The Impact of California’s Climate Bills 253 and 261 on Corporate Reporting

June 13, 2024
California State Capitol Building

Key Takeaways

  • SB 253 and SB 261 aim to assess and mitigate the environmental impact of businesses operating within the state.
  • Failure to comply with SB 253 and SB 261 could lead to substantial financial penalties.
  • The ripple effect of these bills will impact companies across every U.S. state, regardless of size or public/private status.

The State of California has taken a significant step toward corporate sustainability by passing climate bills SB 253 and SB 261. Known as the "California Climate Accountability Package," these bills will mandate transparency in reporting corporate carbon emissions and climate risks.

Understanding the California Climate Bills

California faces a high risk of extreme weather events, including droughts, wildfires, and rising sea levels. SB 253 and SB 261 aim to assess and mitigate the environmental impact of businesses operating within the state.

These bills provide crucial insights for California’s communities, citizens, investors, and stakeholders regarding corporate contributions to climate challenges.

What Companies Need to Know About SB 253

GHG Emissions Scope

SB 253 requires you to report the scopes of emissions, which are split into Scope 1, 2, and 3:

  • Scope 1: Direct emissions from owned or operated sources, like manufacturing facilities and corporate vehicles.
  • Scope 2: Indirect emissions from the energy a company purchases to power, heat, or cool its premises.
  • Scope 3: Indirect emissions from a company’s entire value chain, including supplier manufacturing and product end-of-life disposal.

Key Requirements

  • Starting in 2026, companies must disclose Scope 1 and 2 emissions for the previous year.
  • Starting in 2027, companies must also disclose Scope 3 emissions.
  • The bill aligns with the Greenhouse Gas Protocol Corporate Accounting and Reporting Standard and the GHG Protocol’s Scope 3 Standard.
  • Verification by a third party becomes compulsory for limited assurance in 2026 for Scope 1 and 2, reasonable assurance for Scope 1 and 2 by 2030, and limited assurance for Scope 3 by 2030.

Penalties for Non-Compliance

Failure to comply could lead to substantial financial penalties, up to $500,000 per year. However, the state will consider a company’s history of compliance and sincere efforts to adhere. Notably, there are protections for inadvertent misreporting of Scope 3 data from 2027 to 2030, provided good faith efforts are made.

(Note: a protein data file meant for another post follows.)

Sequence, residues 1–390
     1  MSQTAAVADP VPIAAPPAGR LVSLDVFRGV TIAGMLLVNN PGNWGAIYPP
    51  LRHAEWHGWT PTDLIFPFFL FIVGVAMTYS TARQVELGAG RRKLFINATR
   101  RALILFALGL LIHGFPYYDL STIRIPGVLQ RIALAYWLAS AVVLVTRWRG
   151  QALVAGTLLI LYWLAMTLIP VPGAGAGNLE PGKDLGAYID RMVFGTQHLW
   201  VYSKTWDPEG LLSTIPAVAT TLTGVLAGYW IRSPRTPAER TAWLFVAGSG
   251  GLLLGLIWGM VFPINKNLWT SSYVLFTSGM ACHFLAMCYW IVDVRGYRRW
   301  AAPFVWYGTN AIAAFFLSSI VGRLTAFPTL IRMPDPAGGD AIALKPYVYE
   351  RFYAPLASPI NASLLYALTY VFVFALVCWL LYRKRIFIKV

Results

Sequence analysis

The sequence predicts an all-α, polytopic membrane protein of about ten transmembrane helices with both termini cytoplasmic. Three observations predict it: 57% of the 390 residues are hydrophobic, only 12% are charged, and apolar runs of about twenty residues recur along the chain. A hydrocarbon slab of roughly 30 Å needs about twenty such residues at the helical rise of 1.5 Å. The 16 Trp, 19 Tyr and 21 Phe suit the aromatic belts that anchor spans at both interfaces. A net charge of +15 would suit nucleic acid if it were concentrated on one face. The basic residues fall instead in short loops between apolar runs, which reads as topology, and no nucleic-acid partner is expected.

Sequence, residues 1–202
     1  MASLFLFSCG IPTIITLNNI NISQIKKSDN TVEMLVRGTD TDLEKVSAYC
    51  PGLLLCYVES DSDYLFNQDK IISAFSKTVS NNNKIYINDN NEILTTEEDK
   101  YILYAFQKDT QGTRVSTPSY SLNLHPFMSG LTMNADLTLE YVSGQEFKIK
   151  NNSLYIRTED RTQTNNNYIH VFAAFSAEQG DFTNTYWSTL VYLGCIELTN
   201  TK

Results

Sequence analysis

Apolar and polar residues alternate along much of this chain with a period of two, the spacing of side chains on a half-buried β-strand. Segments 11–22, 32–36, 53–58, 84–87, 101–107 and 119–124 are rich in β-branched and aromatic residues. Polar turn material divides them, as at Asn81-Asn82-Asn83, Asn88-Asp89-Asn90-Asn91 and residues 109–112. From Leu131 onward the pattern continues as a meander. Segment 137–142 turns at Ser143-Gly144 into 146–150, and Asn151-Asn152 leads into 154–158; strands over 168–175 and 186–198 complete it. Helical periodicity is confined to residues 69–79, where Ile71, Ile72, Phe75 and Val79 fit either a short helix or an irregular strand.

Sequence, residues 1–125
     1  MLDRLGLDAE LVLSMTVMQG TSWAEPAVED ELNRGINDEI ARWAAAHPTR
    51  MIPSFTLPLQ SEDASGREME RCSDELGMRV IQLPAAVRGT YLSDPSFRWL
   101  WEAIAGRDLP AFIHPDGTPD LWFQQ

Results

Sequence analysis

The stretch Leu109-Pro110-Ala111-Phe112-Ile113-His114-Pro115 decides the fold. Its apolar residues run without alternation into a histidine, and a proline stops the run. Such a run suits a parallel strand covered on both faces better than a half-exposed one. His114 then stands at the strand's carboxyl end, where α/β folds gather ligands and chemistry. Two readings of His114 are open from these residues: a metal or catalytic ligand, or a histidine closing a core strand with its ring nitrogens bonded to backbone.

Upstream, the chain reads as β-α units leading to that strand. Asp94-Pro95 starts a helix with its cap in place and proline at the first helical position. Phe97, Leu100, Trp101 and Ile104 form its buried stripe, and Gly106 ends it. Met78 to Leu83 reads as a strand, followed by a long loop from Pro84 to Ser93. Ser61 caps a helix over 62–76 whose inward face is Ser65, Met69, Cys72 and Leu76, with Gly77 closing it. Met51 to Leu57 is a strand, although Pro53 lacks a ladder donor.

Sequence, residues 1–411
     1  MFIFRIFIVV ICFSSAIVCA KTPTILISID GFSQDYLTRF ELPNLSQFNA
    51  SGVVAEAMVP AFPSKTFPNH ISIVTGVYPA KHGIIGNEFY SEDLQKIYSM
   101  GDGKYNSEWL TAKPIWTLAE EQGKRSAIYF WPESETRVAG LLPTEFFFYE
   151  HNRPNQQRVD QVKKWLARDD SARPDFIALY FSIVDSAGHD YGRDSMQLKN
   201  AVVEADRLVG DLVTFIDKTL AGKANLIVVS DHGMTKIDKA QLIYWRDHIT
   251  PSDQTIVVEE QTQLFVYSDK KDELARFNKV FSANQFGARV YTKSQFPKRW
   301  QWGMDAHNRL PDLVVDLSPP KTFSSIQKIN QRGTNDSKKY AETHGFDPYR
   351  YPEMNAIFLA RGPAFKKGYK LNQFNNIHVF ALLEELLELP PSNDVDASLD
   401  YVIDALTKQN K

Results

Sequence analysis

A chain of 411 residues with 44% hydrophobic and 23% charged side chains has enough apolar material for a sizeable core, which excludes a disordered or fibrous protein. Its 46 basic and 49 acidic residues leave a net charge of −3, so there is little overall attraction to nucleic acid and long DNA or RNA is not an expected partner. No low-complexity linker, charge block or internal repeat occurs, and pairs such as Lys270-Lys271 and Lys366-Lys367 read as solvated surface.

What Companies Need to Know About SB 261

Key Requirements

  • By 2026, businesses must publicly disclose climate-related risks and mitigation plans, with updates every two years.
  • Disclosures must be comprehensive, following the TCFD’s Recommendations and covering governance, strategies, risk management, and metrics. The ISSB Standards are also an acceptable framework.
  • If full disclosure isn’t possible, companies must provide a rationale, detail discrepancies, and schedule full disclosure.
  • A state-commissioned body will synthesize a public report every two years to evaluate reported financial risks associated with climate change.

Penalties for Non-Compliance

Entities failing to comply will incur fines of up to $50,000 annually, with leniency considered for those demonstrating a consistent compliance effort.

Eligibility Criteria for Compliance with California's Climate Bills

Entities that must comply with SB 253 and SB 261 include:

  • Entities engaged in commercial activities that profit within California
  • Entities based or commercially headquartered in California
  • Entities surpassing certain thresholds in California-based sales, property, or payroll, or if these constitute at least a quarter of the overall totals:
Year CA Sales CA Real and Tangible Personal Property CA Payroll Compensation Exceeds
2022 $690,144 $69,015 $69,015

Detailed Obligations:

  • SB 253: Targets corporations generating over $1 billion globally, affecting approximately 5,400 entities.
  • SB 261: Targets non-insurance companies with global revenues exceeding $500 million, impacting around 10,000 entities.

The Far-Reaching Implications of California's Climate Legislation

SB 253 and SB 261 are expected to impact over 10,000 U.S. companies. The influence extends beyond these entities, affecting entire supply chains and prompting widespread data gathering and reporting.

  • Scope 3 emissions can be up to 11.4 times greater than Scope 1 and 2 emissions. Financial institutions, whose financed emissions are typically 700 times larger than Scope 1 and 2, will need extensive data from their investment and loan networks.
  • Climate-related risks along supply chains under SB 261 will require data contributions from all entities within those chains, even if they are not directly reporting.
The ripple effect of these bills will impact companies across every U.S. state, regardless of size or public/private status.

Charting Your Path to Compliance with California's Climate Bills

Despite ongoing litigation, it is likely that these bills will be adopted, with the first reporting due in 2026. The intervening years are critical for businesses to adapt to these new environmental reporting requirements.

Our firm is here to support you every step of the way. From reporting to implementation, we will guide your organization on its path toward a sustainable future.

Expand Full Article

Become empowered to navigate the future of climate-related reporting.

woman working on solar panelsTalk to our specialists